I was excited to hear that Slice magazine was going to feature a profile of Guernsey Park’s delicious food. (You can read Steve Gill’s wonderful review here.A truly good food writer, Mr. Gill says everything necessary about the atmosphere and production value at this establishment, and the only reason I’m going to throw my two cents in as well is because I ate different things, and want to tell you how wonderful THEY are, too, just so you’ll get the message that this is a place you should eat.)
I love to see talented folks opening up unique eateries, and I love sharing when the experience is fantastic. (You’ll note that I don’t post bad reviews. That’s not because I’ve never met a taco I didn’t like–although I know some of you wonder–but because I prefer to publicize those who are doing great, and not punish someone for sucking. Or just having a bad day. Which is possible in the chef/restaurant world, sometimes. Those who suck will eventually go out of business, and those who have an occasional misstep deserve to be able to redeem themselves later on. So if I can’t say something good, I usually keep quiet.)
No need to keep quiet about Guernsey Park, though.
I ate there with my sister, who also loves a good meal–and never meets a stranger–and by the time I arrived (and found it; it’s tucked behind Cuppies and Joe, off of 23rd), she already had the chef and manager lined up to meet me, and was sampling drinks they were concocting for the dinner hour.
We chatted with (classically trained) Chef Nguyen about the Asian fusion menu, and I decided then and there to try the Korean Cowboy; a 12 oz ribeye steak served with bulgogi ketchup and crispy kimchi slaw. We made our way to the table, and chose appetizers. You’ll hear raves about the Chicken Lollipops, and I’m sure they’re fantastic, but I cannot recommend the Oxtail Ravioli (served with a pho salad garnish) heartily enough. (I know, you’re saying, “Jill, you’re getting a beef entree…AND ordering an appetizer with beef?” and my answer is yes, yes, a thousand times…yes.)
After formalizing my order with the waiter, Chef Nguyen caught me (on my way to the bathroom) and wheedled me out of my “medium well” choice for cooking the steak. “This is Oklahoma!” he exclaimed good-naturedly, referring, I assume, to our state’s phenomenal track record with regards to beef safety. (Never been a recall of Oklahoma beef examined in a USDA-inspected facility).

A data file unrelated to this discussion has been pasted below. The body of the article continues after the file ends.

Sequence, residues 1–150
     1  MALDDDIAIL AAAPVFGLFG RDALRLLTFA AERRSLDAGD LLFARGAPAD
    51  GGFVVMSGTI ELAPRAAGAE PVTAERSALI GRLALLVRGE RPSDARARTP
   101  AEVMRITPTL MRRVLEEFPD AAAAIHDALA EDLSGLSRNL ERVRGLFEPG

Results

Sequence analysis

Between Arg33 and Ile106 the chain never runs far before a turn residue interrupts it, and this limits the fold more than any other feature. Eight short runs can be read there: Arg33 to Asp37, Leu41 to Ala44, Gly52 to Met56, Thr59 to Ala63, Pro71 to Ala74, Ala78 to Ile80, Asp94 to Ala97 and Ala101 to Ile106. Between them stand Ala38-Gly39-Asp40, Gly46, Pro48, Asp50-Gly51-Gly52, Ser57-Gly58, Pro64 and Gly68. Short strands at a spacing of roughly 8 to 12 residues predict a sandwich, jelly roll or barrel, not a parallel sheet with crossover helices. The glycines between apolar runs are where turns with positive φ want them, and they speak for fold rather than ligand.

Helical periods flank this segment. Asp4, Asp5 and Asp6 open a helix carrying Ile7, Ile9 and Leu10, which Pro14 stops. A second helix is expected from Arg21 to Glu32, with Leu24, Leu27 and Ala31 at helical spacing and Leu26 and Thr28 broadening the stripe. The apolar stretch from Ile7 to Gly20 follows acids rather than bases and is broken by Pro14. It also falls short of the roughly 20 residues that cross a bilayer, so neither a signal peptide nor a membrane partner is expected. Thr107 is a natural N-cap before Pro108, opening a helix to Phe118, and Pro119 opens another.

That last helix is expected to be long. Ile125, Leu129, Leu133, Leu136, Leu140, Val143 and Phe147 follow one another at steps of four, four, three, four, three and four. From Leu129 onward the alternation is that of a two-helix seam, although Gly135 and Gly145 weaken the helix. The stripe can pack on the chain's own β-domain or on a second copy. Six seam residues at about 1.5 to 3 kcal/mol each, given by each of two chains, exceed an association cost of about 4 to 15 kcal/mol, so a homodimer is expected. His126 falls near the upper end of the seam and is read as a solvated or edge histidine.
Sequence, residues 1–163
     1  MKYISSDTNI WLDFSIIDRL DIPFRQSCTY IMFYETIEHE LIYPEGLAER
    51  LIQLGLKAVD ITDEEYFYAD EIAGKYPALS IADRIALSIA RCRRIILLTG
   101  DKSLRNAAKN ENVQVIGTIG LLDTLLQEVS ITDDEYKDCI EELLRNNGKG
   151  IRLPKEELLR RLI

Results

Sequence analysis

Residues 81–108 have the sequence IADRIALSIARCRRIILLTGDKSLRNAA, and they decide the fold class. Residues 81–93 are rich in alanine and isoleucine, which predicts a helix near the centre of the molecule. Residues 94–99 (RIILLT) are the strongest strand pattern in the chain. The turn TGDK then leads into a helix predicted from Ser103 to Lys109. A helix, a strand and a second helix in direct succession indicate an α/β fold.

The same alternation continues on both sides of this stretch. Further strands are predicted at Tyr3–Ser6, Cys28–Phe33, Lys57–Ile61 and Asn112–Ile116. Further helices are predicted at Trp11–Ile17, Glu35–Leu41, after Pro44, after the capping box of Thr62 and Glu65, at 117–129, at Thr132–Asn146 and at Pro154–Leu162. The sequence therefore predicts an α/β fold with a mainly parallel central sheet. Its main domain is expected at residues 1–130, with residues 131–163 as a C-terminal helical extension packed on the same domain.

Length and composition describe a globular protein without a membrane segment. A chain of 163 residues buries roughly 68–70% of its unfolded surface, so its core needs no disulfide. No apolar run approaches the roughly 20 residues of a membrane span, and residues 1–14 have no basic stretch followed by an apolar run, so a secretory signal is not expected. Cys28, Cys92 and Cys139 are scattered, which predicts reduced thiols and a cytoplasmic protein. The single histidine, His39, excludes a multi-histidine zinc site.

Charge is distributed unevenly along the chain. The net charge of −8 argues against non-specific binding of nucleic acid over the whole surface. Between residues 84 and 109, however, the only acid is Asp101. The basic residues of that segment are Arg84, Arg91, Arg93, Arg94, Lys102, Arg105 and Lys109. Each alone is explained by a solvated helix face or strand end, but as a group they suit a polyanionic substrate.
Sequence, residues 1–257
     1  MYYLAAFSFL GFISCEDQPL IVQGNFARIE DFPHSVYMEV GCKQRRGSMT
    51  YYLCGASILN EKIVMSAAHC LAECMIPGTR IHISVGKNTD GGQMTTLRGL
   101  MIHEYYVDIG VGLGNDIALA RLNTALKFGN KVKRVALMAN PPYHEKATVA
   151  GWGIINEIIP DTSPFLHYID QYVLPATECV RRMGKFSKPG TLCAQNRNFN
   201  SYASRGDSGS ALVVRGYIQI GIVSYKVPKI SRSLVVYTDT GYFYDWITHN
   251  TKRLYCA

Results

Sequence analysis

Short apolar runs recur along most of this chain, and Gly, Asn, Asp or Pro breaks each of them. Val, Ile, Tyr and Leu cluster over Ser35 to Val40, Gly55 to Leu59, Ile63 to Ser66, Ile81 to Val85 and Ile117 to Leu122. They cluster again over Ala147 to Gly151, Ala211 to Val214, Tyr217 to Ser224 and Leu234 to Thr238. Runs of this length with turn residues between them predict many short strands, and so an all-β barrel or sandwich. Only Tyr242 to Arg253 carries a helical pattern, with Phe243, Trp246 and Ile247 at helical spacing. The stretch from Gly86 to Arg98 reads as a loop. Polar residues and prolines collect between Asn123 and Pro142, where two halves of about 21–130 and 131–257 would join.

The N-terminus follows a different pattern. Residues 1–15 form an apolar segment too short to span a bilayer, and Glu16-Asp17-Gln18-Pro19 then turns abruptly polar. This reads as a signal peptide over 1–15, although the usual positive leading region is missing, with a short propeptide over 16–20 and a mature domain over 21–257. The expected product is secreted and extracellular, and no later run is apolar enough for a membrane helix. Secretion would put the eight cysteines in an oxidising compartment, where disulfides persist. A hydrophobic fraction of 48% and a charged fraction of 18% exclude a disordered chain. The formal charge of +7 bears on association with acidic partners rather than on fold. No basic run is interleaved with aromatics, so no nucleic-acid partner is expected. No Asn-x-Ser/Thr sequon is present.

In an exercise of taste trust (that could also double as a means of OCD therapy), I agreed to put my steak’s doneness in Chef Nguyen’s capable hands, and my reward was a buttery, beefy dream. Bulgogi Ketchup might sound suspicious to you, but the tangy, tart complement is a superlative addition to an incredible piece of meat. The fries were a little salty for me, and the kimchi slaw a little spicy…but any minor complaint at all was overshadowed by the sheer tastiness of it all.
My sister got the Shrimp and Cake–seared shrimp with bacon green beans and sriracha butter–and while I eschew shellfish (yes, food writers CAN SO be picky), the bite of potato cake that I took from her plate was delicious.
I hesitate to even mention the Almond/Chocolate Symphony dessert, because I didn’t see it on their online menu–it might not be available–but I have to.
A delightful combination of flavors and textures–chocolate and almond ice cream, toffee, chocolate sauce, almond cake, chocolate mousse and chocolate and almond “tuille”, whatever that is, it’s wonderful–come together in a harmonious marriage of taste that is truly music for your mouth. Wonderful. (It’s still listed on their PDF menu, just not the website.)
The place is just lovely, the people are friendly, the atmosphere is low-key but refined, and most importantly of all, the food is fantastic.
Give them a try!